When I asked him about his deteriorating health, he snapped back, “What happened to Ghalib, Bhagat Singh, Chandra Shekhar Azad, Bhutto and Bugti is what will happen to me. People will only realise my importance once I die.” This was December 2013. A friend had run into this homeless man who would often entertain those present at a dhaba in Tauheed commercial by reciting from Ghalib and Shakespeare, struggling against a bottle of moonshine simultaneously. This shabby looking druggie was Aamir, or Aamir Ali Malik to be exact: the star of Sabiha Sumar’s Khamosh Pani or Silent Waters, the only Pakistani film ever to win a Golden Leopard.
Perhaps, he was wrong to bet everything on death because when his own last hour arrived, it didn’t change much. Three months went by and it was only until Aamir’s family friend, veteran actor Hameed Sheikh, found out about his passing, that the news surfaced. Aamir passed away on January 6, 2016, in his hometown of Quetta. “Some of his friends had brought him to Quetta last December and we got him hospitalised,” Sheikh tells The Express Tribune. “Then, I left for the US and Canada for Moor’s festival tour,” he says. Although Sheikh had learnt about his demise a few weeks back, he was not sure about sharing it with the public. “Because that’s how Aamir would have preferred,” he reasons, adding, “But then he was a star and people deserve to know about his demise.”
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For Aamir, rubbing shoulders with the likes of Kiron Kher and Arshad Mahmud on the sets of Khamoshi Pani was just the beginning. Before he knew it, he had an offer from Rakeysh Omprakash Mehra for Rang De Basanti on the table. Aamir did fly to India but as film-maker Farooq Mengal confirms, the journey was rather futile for the actor who was still ambitious back then. “I was supposed to play Bhagat Singh in the film and Abhishek Bachchan was supposed to play the pilot. But then Rakesh (director) asked me to help Kunal Kapoor play the role of a Muslim boy … for this they used to pick me up and drop me back to my hotel in Andheri,” Aamir had told The Express Tribune in an earlier interview. Back home, even Arshad offered him a place at the National Academy of Performing Arts. Aamir agreed but never showed up.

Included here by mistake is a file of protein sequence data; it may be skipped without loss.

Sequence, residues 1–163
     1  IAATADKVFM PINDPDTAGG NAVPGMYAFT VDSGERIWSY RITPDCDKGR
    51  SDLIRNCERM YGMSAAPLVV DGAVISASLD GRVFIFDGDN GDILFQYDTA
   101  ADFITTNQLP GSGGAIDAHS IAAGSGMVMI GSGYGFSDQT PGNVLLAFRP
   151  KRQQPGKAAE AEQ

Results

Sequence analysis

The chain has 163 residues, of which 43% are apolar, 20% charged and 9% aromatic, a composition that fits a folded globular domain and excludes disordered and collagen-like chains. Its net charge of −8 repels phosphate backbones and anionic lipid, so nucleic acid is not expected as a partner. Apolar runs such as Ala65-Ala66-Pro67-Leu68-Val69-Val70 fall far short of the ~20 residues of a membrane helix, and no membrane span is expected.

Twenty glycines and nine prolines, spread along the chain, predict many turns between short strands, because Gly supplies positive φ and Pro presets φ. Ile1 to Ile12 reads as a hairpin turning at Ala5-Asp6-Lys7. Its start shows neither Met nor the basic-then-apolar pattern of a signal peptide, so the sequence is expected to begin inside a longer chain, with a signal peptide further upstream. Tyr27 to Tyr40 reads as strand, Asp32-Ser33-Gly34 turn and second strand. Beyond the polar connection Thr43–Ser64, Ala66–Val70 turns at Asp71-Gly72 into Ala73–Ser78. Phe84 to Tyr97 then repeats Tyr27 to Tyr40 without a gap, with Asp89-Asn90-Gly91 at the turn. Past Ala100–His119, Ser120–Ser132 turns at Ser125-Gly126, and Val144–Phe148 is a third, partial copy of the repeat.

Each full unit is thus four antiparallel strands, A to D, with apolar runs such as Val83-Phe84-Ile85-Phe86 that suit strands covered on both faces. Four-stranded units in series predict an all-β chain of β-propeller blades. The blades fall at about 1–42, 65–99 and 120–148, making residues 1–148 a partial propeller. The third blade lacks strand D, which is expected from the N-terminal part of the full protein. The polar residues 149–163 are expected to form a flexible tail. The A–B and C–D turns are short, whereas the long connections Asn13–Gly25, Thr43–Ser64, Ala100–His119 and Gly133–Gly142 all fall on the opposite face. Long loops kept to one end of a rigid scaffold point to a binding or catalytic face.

With the passage of time, that odd feeling turned into a way of life. Something was indeed bothering Aamir; something so significant that he resorted to living off the streets of Karachi. What we do know is that he was quite fond of poet Saghar Siddiqui and would often repeat his verse: Ao ik sajda karein alam-e madhoshi main, Kaun kehta hai ke Saghar ko Khuda yaad nahin. Saghar, too, was cut from the same cloth. Perhaps, Aamir had chosen the same life for himself as well.
Bollywood actor Shilpa Shukla, famous for her role as Bindia Naik in Chak De! India, was Aamir’s love interest in Khamosh Pani. They shared great chemistry, both on and off the screen. Shilpa remained in touch with Aamir long after the film’s release and was concerned over his growing fondness for drugs. “The voices in his head were so loud that they would choke everything that was soft and beautiful. Life was kind and offered him the best of its people, but he was hurting. It’s more difficult to remain sane than to glorify suffering,” Shilpa tells The Express Tribune in an email interview. “He never listened to anyone except the destructive voices in his head. How could he know anything about love when he did not love himself?”
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For years both Shilpa and several mutual friends tried to save him from the addiction. “We would reach out. He would also promise but I guess with the news of his demise I realise that he had reached the point of no return,” she says.
After news of Aamir wandering the streets of Karachi first came to the fore, several people wanted to find out about his whereabouts. Some even claimed to be from an NGO; it later turned out that they were actually members of a local morning show team who wanted to ‘help’ Aamir by getting him on the show.
Two days after meeting him for the first time, I went to look for him again. This time to link him up with a renowned documentary film-maker who wanted to get him admitted for rehab. The usual crowd was still there at the dhaba but there were no signs of Aamir. He had asked me to get him a copy of Khamosh Pani. As promised, I left the DVD with a makkai wala standing nearby. I hope he saw the film for one last time before taking his final bow.
Published in The Express Tribune, April 22nd, 2016.
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